“The engine makes a mountain of torque at just about any rpm,” said Johnson. “The best part is this isn’t an exotic combination. It was put together with off-the-shelf parts that either are available now or will be shortly through GM Performance Parts.”
In other words, it’s a combination that is easily reproduced as the family of LSX parts and engines grows.
To complement the power packed into its 454 cubic inches, the LSX in Jackson ’s Camaro was dressed with powder-coated accessories and custom rocker covers. The engine retains a classic look at first glance, but a second look reveals the individual coil packs and other features that identify it as a 21 st-century small-block. Stainless Works fabricated a custom exhaust system, including ceramic-coated headers.
Drivetrain and suspension details by GMPD
The LSX engine in the Camaro is backed by a beefed-up Tremec T56 six-speed manual transmission. It is equipped with a heavy-duty clutch to stand up to the engine’s considerable torque, channeling it via a custom aluminum driveshaft to a Detroit Speed & Engineering-built GM 12-bolt rear axle. The axle is fitted with an Eaton Detroit Locker Truetrac locking differential and 3.91 gears, which turn strengthened axles that are connected to 18-inch custom-design Budnik rear wheels and Goodyear high-performance rubber. Matching wheels and tires are found up front.
To give the Camaro the agility and cornering capability enabled by the wide rolling stock – and spurred on by the 641-horse 454 engine – the engineers at GMPD had to harness the power. To do that, the front and rear suspension were replaced and updated with components from Detroit Speed & Engineering (DSE). Founded by former GM engineers, DSE offers a coil-over-shock front suspension system that replaces the first-generation Camaro’s original setup. It includes tubular control arms and Koni monotube shock absorbers. It was adapted to Jackson ’s Camaro, giving the car the driving reflexes of a modern sports tourer.
At the rear, a DSE “deep tub” kit is employed. The QUADRA Link rear suspension, with Koni coil-over shocks, allows the mounting of a narrowed rear axle. A narrowed axle was needed to make room for the nearly 12.5-inch-wide rear tires. But even with the ultra-wide rear treads, grip is all too easy to overcome when calling up even a small bit of the LSX engine’s deep well of torque.
Matching the modern handling is an aggressive, four-wheel disc brake system from Brembo. It features large, cross-drilled rotors at all four corners, with four-piston calipers in front and four-piston calipers in the rear.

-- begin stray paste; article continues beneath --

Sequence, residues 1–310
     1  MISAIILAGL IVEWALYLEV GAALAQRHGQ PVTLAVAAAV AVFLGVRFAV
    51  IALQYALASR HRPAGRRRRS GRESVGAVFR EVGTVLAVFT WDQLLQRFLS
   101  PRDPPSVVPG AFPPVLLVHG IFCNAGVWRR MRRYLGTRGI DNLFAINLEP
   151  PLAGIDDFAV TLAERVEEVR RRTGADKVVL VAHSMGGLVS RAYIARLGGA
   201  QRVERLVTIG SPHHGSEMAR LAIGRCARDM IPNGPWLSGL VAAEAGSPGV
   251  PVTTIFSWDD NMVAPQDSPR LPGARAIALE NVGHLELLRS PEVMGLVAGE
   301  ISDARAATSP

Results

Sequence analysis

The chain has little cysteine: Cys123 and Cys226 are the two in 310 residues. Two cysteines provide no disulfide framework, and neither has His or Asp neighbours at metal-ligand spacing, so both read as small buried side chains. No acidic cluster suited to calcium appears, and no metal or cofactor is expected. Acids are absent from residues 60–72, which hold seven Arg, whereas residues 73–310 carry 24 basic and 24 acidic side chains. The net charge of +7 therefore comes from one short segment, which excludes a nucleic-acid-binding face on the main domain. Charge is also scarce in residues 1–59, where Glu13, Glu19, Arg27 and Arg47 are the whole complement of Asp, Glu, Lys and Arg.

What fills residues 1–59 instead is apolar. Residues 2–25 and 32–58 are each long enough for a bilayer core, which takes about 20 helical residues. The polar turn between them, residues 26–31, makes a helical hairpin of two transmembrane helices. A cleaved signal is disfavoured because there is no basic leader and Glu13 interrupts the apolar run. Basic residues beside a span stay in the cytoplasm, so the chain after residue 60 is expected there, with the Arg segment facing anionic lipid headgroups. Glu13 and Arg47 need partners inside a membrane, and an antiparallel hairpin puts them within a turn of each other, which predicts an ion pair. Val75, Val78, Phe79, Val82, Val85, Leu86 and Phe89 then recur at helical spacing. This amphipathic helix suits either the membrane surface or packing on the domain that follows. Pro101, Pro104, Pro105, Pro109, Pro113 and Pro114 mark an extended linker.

Classic looks, inside and out
Although its engine and underpinnings are thoroughly modern, the silhouette of the car is pure vintage Camaro. Jackson pulled the car from his 100-plus personal car collection and, with the help of GMPP and GMPD, it was restored and transformed. And while it looks like an all-stock Camaro body, several subtle changes were made to enhance its appearance. The bumpers, for example, were brought in closer to the body, for a smoother, tighter appearance.
The front-end features a 1969-vintage Rally Sport grille, complete with “hideaway” headlamps. The body also has classic Camaro styling cues, including a cowl-induction hood and rear spoiler. Other subtle changes include the relocation of the market lights. California-based Classic Industries supplied all of the restoration parts, including new chrome trim pieces.
A bright red color that matches the Camaro concept vehicle was sprayed by Detroit ’s Trakon Kustoms. A Jackson-signature checker flag logo is found on the cowl induction scoop and the rear spoiler, while LSX logos adorn the fenders and taillamp panel. LSX logos also grace the interior, which melds the classic Camaro look with contemporary upgrades.
The instrument panel is fitted with carbon-fiber-face Auto Meter gauges, located in housings that mimic the angled gauge placement of the original ’69 Camaro interior. Also, the original seats were replaced with new bucket seats from a Cobalt SS. They were re-trimmed in black leather and feature baseball-style stitching. Pat Russell, of PJ’s Trim, hand-stitched the seats.